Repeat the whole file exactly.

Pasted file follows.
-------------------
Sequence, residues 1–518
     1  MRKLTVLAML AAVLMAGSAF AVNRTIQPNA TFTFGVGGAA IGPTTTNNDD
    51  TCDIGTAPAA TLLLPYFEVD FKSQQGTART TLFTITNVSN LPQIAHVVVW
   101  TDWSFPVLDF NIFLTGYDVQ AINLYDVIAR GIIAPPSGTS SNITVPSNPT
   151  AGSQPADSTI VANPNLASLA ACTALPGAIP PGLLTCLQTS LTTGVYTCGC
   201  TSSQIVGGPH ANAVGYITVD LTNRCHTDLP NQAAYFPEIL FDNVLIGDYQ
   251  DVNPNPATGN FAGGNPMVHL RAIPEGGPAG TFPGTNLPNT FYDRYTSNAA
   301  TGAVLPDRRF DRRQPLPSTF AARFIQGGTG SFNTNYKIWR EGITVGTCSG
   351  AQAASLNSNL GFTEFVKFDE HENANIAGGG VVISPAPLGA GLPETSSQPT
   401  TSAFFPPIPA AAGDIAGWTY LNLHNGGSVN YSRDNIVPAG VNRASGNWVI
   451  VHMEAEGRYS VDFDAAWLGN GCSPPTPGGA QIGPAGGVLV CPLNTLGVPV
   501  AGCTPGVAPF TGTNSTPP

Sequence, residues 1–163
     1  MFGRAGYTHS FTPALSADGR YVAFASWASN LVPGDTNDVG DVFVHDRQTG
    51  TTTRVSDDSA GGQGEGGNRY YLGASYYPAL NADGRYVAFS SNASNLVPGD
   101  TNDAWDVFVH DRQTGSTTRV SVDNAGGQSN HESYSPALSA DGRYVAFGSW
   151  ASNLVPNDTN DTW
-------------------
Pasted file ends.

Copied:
Sequence, residues 1–518
     1  MRKLTVLAML AAVLMAGSAF AVNRTIQPNA TFTFGVGGAA IGPTTTNNDD
    51  TCDIGTAPAA TLLLPYFEVD FKSQQGTART TLFTITNVSN LPQIAHVVVW
   101  TDWSFPVLDF NIFLTGYDVQ AINLYDVIAR GIIAPPSGTS SNITVPSNPT
   151  AGSQPADSTI VANPNLASLA ACTALPGAIP PGLLTCLQTS LTTGVYTCGC
   201  TSSQIVGGPH ANAVGYITVD LTNRCHTDLP NQAAYFPEIL FDNVLIGDYQ
   251  DVNPNPATGN FAGGNPMVHL RAIPEGGPAG TFPGTNLPNT FYDRYTSNAA
   301  TGAVLPDRRF DRRQPLPSTF AARFIQGGTG SFNTNYKIWR EGITVGTCSG
   351  AQAASLNSNL GFTEFVKFDE HENANIAGGG VVISPAPLGA GLPETSSQPT
   401  TSAFFPPIPA AAGDIAGWTY LNLHNGGSVN YSRDNIVPAG VNRASGNWVI
   451  VHMEAEGRYS VDFDAAWLGN GCSPPTPGGA QIGPAGGVLV CPLNTLGVPV
   501  AGCTPGVAPF TGTNSTPP

Sequence, residues 1–163
     1  MFGRAGYTHS FTPALSADGR YVAFASWASN LVPGDTNDVG DVFVHDRQTG
    51  TTTRVSDDSA GGQGEGGNRY YLGASYYPAL NADGRYVAFS SNASNLVPGD
   101  TNDAWDVFVH DRQTGSTTRV SVDNAGGQSN HESYSPALSA DGRYVAFGSW
   151  ASNLVPNDTN DTW